All three, 85-year-old siblings had hypertension, but the two with Alzheimer’s had long-standing, obsessive-compulsive behaviour.

The research team analyzed the gene sequence and the biological age of the body’s cells from blood that was taken from each of the triplets, as well as the children of one of the triplet’s with Alzheimer’s.

Genetics
The colour of our eyes or the straightness of our hair is linked to our DNA, but the development of Alzheimer’s disease isn’t exclusively linked to Genetics, suggest new research. Pixabay

Among the children, one developed early onset Alzheimer’s disease at age 50 and the other did not report signs of dementia.

The research team also discovered that although the triplets were octogenarians at the time of the study, the biological age of their cells was six to ten years younger than their chronological age.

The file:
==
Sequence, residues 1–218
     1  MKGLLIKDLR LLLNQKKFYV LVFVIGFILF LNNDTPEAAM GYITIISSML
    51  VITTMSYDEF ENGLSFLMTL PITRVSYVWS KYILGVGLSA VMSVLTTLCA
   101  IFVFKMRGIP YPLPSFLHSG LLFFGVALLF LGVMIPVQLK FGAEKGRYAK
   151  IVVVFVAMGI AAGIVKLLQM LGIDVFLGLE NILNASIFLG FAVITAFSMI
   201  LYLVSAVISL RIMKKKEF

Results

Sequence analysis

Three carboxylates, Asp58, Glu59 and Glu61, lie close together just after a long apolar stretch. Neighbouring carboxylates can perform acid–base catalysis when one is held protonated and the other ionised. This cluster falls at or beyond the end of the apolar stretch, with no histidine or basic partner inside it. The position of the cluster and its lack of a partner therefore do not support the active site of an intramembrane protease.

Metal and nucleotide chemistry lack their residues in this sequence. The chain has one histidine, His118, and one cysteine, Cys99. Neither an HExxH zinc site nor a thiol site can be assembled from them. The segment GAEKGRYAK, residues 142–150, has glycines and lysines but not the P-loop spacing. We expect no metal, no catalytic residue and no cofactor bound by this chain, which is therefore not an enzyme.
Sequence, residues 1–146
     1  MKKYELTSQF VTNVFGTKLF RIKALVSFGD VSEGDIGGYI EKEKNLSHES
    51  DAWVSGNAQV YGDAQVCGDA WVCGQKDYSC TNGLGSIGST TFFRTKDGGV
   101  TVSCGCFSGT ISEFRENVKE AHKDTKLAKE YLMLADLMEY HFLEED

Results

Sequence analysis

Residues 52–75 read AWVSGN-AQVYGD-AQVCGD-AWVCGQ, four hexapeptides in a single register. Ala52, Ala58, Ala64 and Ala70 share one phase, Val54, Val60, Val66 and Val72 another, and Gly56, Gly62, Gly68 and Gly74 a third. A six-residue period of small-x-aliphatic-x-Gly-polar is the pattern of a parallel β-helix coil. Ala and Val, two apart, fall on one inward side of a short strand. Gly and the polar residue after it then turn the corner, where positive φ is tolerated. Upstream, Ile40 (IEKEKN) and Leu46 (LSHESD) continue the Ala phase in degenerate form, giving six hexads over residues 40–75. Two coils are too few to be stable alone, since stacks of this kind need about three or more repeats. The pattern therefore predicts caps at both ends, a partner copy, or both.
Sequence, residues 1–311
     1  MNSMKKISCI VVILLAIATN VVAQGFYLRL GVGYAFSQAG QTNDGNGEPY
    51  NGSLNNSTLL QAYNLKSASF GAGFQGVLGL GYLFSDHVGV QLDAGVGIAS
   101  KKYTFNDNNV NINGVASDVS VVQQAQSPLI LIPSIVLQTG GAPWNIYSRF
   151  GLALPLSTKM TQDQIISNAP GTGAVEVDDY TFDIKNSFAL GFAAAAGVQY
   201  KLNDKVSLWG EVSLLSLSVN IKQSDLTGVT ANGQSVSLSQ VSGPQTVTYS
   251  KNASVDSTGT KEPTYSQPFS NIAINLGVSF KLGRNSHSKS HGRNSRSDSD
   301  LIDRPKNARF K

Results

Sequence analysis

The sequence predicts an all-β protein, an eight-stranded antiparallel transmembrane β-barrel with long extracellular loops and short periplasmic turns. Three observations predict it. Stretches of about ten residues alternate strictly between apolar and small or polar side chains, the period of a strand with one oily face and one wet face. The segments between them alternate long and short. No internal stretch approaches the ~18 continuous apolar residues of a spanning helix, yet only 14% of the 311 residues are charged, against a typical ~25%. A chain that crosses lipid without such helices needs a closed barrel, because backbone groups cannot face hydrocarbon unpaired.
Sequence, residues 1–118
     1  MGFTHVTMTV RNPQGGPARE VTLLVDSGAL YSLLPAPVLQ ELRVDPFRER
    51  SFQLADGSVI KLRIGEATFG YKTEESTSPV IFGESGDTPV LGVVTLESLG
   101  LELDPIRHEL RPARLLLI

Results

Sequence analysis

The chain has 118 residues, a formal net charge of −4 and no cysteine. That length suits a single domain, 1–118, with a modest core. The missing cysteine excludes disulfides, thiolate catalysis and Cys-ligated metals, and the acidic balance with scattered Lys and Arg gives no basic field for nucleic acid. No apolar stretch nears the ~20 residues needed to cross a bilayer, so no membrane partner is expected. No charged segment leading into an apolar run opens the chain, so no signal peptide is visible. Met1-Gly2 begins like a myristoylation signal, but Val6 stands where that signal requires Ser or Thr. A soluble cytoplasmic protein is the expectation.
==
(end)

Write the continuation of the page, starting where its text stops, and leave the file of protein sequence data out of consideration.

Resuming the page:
In contrast, one of the triplet’s children, who developed early onset Alzheimer’s, had a biological age that was nine years older than the chronological age.

The other child, who did not have dementia, of the same triplet showed a biological age that was close to their actual age.

Genetic
Your Genetic code doesn’t dictate whether you are guaranteed to develop Alzheimer’s Disease. Pixabay

“The latest genetics research is finding that the DNA we die with isn’t necessarily what we received as a baby, which could relate to why two of the triplets developed Alzheimer’s and one didn’t,” says Dr. Ekaterina Rogaeva, senior author on the paper and researcher at the University of Toronto’s Tanz Centre for Research in Neurodegenerative Diseases.

“As we age, our DNA ages with us and as a result, some cells could mutate and change over time”.

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With additional funding, researchers could further explore the interaction between genetics and environment in the development of Alzheimer’s disease and the impact of environmental factors in delaying the onset of this disorder. (IANS)